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Here is Pixar’s charming, bewildering and beautiful new animation about life after death and life before death – and that title incidentally reminds you how we got the word “animation”. It’s a free-jazz fantasia about a sad and lonely musician, with globules of Frank Capra, 60s psychedelia, 80s body-swap and an old-fashioned stairway to heaven that put me in mind of Pressburger and Powell.
But the keynote is pure Pixar: that intense, childlike, ever-renewing rapture that inside all of us, there is this secret existence and identity that the outside world knows nothing about.
The story is a deeply strange and complicated one: a where-are-we-going-with-this journey that occasionally messes with the rules of narrative and character consistency. But it makes its own kind of sense when the film arrives at a mysteriously moving epiphany: a montage of moments and glimpses that hint at an existence higher than the one in which we are following our all-important showbiz dream.
Soul initially seems to indicate that the choice is between the glories of being a famous jazz musician and the selfless heroism of being a great teacher. But the story ultimately (and enigmatically) gestures at the idea that this is a false choice, or no choice at all, and that we are looking in the wrong direction. And it’s all in that swirling constellation of images. I didn’t think it was possible to be moved – really moved – by the simple image of night-time New York with its lights bordering Central Park’s vast rectangle of darkness. But that’s what happens in this weird, lovable story, directed by Pixar’s Pete Docter and written by Docter, Mike Jones and Kemp Powers. (Powers is also credited as co-director.)
Our hero is Joe (voiced by Jamie Foxx), a tired, middle-aged, African-American guy in New York whose passion is jazz, a calling to which he has evidently sacrificed his personal life: he is now single and still taking his laundry to his elderly mother who runs a tailoring and alteration business.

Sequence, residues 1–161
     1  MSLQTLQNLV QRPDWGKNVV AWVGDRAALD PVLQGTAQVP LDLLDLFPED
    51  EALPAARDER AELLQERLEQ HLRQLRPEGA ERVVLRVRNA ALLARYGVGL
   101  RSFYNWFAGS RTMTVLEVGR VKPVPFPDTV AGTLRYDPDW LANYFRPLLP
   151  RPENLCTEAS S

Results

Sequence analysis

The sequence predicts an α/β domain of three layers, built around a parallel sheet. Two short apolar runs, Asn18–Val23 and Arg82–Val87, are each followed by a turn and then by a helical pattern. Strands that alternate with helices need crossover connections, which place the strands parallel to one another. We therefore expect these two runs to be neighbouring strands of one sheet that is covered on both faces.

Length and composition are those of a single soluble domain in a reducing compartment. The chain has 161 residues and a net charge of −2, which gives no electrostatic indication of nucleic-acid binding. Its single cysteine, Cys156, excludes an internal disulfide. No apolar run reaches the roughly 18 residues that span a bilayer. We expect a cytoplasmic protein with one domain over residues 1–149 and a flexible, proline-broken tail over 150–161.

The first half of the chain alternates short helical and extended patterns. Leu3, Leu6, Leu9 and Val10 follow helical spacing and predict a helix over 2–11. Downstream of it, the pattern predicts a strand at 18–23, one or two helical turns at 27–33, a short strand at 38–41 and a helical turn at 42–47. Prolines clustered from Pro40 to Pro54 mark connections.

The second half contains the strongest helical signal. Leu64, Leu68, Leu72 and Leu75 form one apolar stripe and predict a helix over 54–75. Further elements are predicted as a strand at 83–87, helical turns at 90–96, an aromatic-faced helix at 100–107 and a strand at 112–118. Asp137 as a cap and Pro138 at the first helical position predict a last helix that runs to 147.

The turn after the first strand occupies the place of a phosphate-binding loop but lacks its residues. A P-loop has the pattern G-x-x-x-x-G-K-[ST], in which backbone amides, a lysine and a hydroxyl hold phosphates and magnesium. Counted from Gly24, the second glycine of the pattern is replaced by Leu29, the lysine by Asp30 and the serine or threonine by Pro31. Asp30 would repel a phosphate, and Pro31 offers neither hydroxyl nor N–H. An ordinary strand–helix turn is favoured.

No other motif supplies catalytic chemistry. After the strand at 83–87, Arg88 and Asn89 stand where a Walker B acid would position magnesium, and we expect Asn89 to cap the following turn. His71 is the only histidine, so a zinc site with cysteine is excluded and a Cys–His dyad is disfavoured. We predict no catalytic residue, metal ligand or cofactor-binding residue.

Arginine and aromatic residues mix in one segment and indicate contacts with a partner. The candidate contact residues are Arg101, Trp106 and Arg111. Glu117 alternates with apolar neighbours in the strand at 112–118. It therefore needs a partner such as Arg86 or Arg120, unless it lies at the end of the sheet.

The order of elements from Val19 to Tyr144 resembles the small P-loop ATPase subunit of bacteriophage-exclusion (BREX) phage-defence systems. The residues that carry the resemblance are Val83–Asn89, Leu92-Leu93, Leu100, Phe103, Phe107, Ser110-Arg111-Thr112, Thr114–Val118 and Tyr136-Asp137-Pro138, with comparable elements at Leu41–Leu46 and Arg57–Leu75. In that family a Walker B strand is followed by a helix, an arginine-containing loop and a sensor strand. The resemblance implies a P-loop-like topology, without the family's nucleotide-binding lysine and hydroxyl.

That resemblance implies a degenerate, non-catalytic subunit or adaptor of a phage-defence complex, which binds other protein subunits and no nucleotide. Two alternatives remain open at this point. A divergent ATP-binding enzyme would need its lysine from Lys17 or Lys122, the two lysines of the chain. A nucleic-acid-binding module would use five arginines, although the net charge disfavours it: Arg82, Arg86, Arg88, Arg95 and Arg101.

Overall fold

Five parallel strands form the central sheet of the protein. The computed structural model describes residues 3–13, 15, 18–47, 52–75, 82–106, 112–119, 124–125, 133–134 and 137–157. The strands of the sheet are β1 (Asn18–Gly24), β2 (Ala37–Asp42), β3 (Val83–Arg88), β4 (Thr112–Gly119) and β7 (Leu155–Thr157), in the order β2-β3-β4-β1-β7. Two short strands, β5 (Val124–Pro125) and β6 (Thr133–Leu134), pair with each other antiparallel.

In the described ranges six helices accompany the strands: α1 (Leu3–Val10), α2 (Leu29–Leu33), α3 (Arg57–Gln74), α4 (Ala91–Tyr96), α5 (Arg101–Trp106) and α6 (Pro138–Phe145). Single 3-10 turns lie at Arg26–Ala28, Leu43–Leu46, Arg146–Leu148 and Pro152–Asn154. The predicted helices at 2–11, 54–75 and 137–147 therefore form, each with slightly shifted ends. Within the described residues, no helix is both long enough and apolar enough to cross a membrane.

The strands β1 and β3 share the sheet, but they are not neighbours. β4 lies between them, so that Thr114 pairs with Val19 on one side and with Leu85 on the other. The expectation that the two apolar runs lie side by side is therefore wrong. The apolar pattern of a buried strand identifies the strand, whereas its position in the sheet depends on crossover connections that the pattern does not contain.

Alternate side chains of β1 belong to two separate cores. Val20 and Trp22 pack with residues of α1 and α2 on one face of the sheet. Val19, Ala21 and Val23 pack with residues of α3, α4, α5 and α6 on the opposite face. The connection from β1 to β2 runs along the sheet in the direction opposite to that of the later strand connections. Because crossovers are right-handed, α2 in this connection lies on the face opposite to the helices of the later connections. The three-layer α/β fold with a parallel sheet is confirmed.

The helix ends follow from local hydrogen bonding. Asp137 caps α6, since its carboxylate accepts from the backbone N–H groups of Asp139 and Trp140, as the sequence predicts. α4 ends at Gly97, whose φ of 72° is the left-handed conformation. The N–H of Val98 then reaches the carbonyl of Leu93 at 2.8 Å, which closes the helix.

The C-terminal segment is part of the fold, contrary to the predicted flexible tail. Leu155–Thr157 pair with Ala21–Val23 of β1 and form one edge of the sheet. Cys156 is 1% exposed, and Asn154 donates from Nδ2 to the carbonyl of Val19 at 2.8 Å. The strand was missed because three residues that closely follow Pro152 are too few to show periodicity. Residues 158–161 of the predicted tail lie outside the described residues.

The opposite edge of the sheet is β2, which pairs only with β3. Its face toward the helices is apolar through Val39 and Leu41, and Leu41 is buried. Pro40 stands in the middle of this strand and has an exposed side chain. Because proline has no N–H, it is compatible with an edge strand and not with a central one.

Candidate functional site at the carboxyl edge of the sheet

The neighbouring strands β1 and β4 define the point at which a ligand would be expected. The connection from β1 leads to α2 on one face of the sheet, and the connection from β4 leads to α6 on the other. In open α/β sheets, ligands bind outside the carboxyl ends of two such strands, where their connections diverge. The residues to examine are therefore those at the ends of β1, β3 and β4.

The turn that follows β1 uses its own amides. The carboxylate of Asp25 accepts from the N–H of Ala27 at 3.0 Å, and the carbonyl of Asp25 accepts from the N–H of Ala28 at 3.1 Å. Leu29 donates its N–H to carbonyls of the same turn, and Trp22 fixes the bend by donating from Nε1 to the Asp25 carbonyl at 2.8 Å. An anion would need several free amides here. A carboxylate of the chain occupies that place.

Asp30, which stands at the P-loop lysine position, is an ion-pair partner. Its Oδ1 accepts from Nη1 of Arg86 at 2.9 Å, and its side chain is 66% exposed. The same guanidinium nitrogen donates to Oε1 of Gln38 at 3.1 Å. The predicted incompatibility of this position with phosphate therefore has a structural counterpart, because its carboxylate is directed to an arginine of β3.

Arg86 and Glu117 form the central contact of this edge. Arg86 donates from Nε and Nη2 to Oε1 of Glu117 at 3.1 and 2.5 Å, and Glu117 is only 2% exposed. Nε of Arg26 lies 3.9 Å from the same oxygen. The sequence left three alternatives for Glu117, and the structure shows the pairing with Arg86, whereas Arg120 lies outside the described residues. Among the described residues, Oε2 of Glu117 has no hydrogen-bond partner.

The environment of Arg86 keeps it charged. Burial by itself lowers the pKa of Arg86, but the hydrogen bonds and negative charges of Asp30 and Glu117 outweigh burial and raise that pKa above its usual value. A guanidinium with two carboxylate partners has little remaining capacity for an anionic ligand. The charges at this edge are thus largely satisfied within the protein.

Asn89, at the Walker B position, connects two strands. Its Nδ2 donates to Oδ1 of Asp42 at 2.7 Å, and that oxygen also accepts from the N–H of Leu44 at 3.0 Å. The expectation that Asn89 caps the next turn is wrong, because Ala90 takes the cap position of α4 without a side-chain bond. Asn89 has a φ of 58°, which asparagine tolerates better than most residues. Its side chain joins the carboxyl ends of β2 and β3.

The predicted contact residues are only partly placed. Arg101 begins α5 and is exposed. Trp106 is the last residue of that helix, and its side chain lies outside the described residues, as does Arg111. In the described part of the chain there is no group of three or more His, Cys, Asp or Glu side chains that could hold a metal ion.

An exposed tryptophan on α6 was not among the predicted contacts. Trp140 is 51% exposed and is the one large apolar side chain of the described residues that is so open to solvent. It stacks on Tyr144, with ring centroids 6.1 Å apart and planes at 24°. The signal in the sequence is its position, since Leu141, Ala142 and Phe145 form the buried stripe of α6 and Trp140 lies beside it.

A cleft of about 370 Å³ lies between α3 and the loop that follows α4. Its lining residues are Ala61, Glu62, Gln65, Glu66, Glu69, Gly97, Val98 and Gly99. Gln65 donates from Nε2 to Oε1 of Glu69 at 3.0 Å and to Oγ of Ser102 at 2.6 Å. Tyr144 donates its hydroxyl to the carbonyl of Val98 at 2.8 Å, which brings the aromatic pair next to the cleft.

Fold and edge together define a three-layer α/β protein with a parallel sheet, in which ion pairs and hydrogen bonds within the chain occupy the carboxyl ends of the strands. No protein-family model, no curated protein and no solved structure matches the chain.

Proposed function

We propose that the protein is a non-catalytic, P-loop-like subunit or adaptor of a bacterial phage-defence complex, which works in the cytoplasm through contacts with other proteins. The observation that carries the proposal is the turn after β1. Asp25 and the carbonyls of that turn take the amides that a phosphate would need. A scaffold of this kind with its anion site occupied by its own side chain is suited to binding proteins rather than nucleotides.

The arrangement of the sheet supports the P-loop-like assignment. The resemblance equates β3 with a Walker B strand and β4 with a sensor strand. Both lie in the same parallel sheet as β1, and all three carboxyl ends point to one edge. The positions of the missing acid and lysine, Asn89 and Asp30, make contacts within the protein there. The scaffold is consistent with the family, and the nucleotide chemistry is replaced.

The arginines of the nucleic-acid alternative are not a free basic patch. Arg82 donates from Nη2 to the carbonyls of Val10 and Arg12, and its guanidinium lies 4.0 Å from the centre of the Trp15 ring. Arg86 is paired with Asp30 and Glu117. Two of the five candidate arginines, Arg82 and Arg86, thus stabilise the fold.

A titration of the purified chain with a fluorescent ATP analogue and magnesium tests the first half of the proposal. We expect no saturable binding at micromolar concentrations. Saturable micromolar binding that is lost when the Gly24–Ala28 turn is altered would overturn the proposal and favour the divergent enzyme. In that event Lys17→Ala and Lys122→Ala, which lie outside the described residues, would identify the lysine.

Nowadays, poor Joe earns a few bucks with a part-time job teaching band at a high school, but still yearns to play jazz piano in front of an adoring, connoisseur crowd. But just when he is faced with finally abandoning his jazz dream in favour of a bittersweet Mr Chips destiny of inspiring young people, a former student of Joe’s gets him the chance to play with one of the most famous jazz musicians in the world.
And just when Joe’s life could hardly get more dramatic, he falls down a manhole, loses consciousness and enters a strange otherworld domain, a quasi-heaven existing both before and after and during death, in which this spectral “Joe” is expected to mentor an errant, brattish, not-yet-born soul called simply 22 (voiced by Tina Fey). So what can soul-Joe and 22 do but go back to Earth, alighting in comatose body-Joe’s hospital bed; 22 accidentally invades Joe’s body and soul-Joe invades the “therapy cat” which the hospital authorities have placed on his bed, in the hope that its furry ministrations would awaken him. So Joe and 22 take off across New York in the wrong bodies, on a mission to get Joe that jazz gig.
And their adventures can sometimes get even more confusing. When 22 speaks to Joe’s buddies through Joe’s mouth but with her own voice nobody seems to notice. Perhaps the convention is that they hear Joe’s voice – but we, the audience, hear 22’s to remind us what’s going on. But later when they confront Joe’s stern mother, 22 speaks with Joe’s voice at last and appears to intuit what he would say.
It’s all very headspinning, and there is real Yellow Submarine quality to the film’s innocent urgency and idealism which take it to the very brink of incoherence. That can sometimes be exasperating but also really captivating, especially in that final visual cadenza in which Docter and Powers are really are going above and beyond the traditional Hollywood ending. It’s a deeply sweet, happy, gentle film.
•Soul screened at the London film festival, and will be available on 25 December on Disney+/
Source: The Guardian
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